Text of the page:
G-8 leaders endorse growth
Eurozone issues including Greece dominate meeting
CAMP DAVID, Md. – In a significant political victory for President Barack Obama, the leaders of Germany and other European nations endorsed a policy of economic growth over austerity and emphasized that Greece, which is trying to battle its way out of a crippling debt crisis, should remain in the eurozone.
Meeting on the cloistered grounds of the presidential retreat here, the leaders of the Group of 8 industrialized nations said in a joint statement that eurozone economies should work to narrow deficits through “fiscal consolidation” and that each country must decide for itself the best mix of policies for promoting economic recovery.
But the weight of the communique, put together during a round-table session Saturday morning, was clearly on spurring growth and doing it in a credible and timely manner to avert a deepening of the crisis and an unraveling of the fragile global recovery.
“Our imperative is to promote growth and jobs,” the communique said in its opening statement, which was followed by nine more references to growth.
Although the group didn’t list specific steps to rev up Europe’s sagging economies, the focus on growth represented a substantial shift given Germany’s longtime insistence on fiscal discipline, including slashing government spending.
The G-8 leaders – representing Britain, Germany, France, Italy, Japan, Canada, Russia and the U.S. – also signaled they may have to tap the world’s strategic petroleum reserves in coming months to keep oil flowing during a possible supply shortage.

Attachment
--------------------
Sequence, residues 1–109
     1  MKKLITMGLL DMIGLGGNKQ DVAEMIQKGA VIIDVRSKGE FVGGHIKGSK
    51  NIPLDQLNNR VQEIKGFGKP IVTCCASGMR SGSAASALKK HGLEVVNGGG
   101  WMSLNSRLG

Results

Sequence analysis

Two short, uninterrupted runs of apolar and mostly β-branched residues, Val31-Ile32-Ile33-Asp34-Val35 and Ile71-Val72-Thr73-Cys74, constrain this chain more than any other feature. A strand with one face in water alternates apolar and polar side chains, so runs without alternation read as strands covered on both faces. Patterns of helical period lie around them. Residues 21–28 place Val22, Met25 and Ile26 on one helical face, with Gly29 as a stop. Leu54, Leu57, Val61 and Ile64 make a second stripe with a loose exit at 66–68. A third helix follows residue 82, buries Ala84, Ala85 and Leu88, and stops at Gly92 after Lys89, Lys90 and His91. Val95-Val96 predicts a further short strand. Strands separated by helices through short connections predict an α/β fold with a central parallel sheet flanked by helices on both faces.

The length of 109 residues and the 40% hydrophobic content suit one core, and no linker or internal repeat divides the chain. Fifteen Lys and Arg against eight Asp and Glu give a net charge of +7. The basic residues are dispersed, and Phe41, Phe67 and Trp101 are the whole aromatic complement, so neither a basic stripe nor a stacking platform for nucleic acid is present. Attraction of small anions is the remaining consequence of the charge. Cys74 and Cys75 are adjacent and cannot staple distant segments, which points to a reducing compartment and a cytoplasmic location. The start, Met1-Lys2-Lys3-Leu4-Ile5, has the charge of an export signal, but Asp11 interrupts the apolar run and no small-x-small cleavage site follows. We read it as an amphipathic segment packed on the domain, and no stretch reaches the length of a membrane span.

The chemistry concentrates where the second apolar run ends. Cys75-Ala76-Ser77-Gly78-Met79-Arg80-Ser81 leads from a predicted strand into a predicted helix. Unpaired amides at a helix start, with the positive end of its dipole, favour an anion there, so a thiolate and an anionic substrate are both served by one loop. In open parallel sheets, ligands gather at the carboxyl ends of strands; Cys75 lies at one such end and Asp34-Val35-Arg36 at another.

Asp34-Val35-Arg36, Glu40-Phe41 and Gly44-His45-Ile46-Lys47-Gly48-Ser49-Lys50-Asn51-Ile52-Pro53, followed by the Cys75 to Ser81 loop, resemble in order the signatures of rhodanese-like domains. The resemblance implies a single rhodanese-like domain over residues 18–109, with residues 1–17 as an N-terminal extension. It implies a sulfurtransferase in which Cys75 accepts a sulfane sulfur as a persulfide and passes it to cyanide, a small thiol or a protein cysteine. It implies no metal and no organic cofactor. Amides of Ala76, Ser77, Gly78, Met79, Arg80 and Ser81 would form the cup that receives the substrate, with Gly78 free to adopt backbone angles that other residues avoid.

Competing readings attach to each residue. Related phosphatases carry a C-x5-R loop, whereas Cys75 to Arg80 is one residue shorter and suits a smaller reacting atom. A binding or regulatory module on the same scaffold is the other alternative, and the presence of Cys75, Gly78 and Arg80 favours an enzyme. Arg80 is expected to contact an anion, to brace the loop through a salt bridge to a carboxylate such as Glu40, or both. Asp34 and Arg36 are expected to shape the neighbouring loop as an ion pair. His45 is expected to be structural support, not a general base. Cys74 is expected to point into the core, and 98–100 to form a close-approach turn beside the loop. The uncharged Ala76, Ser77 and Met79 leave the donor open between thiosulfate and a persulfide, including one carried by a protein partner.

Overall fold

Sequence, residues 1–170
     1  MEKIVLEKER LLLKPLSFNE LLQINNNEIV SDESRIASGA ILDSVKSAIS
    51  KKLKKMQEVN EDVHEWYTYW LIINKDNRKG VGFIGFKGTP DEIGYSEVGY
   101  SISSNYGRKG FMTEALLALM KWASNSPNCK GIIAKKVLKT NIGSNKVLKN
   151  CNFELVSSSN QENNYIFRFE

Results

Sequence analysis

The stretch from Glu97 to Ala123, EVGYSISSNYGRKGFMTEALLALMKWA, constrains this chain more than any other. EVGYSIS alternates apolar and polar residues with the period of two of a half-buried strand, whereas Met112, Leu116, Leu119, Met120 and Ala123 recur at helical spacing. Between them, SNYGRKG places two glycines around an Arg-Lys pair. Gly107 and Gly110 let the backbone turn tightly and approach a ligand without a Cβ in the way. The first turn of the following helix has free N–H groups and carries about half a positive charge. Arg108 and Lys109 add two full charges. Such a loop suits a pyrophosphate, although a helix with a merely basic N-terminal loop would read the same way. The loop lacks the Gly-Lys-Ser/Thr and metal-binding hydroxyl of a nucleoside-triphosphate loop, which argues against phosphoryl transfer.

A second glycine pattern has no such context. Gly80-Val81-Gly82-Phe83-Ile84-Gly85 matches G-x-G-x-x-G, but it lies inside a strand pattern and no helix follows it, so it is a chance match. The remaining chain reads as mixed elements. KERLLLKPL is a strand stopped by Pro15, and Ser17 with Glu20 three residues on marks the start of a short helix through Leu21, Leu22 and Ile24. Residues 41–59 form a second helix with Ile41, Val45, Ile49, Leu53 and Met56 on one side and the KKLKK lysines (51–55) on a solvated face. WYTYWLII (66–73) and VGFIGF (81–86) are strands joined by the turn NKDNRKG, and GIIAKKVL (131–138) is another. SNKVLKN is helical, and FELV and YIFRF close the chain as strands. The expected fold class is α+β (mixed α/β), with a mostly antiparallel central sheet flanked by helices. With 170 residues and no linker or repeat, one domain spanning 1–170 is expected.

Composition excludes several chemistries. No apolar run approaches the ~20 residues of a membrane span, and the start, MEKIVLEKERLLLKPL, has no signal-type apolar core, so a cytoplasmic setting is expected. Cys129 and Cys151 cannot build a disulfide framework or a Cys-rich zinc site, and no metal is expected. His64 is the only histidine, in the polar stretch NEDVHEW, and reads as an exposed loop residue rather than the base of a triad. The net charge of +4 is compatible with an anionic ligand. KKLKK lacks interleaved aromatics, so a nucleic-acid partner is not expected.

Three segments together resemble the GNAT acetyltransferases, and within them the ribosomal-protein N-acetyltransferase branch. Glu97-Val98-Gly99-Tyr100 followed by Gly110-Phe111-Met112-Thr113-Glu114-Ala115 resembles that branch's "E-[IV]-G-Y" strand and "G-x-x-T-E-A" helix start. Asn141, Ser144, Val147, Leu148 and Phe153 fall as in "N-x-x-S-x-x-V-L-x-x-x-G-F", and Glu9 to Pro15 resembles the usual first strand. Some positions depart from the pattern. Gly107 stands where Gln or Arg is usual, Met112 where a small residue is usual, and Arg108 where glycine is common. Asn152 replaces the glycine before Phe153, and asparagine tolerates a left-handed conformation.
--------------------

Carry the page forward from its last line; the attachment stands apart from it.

That was intended as a warning to Iran, which faces toughening sanctions this summer as Western powers try to discourage its nuclear ambitions.
As the summit wrapped up, Obama extolled its progress.
“There’s now an emerging consensus that more must be done to promote growth and job creation right now, in the context of these fiscal and structural reforms,” he said.
German Chancellor Angela Merkel, who has been the chief proponent of austerity, joined in embracing growth as well, saying she thinks it is important to “work on both threads” and applauding the accord as “great progress.”
Domenico Lombardi, a senior scholar at the Brookings Institution in Washington, called the summit outcome “very positive” and said it indicated that Merkel, with her insistence on austerity, had become isolated within the G-8. The communique, he said, “underscores that the objective end of any policy action must be geared toward growth.”
The leaders also took up other issues, including expanding food security in Africa, but they were preoccupied with the eurozone problems. The crisis has worsened recently with Greece’s failure to form a government.
Although Obama appeared to make progress with his pro-growth agenda, experts said it remained to be seen what concrete steps would be taken. European leaders are scheduled to meet informally this week to talk about adding a growth component to their so-called fiscal compact.
“Obama and the Europeans want to have their cake and eat it: a tight budget, growth, social harmony and smiling voters,” said James Walston, a professor at the American University of Rome commenting on the communique. “If before, the Europeans were driving with the foot equally on the brake and the accelerator, today they’ve eased off the brake and are ready to put it gingerly on the accelerator.”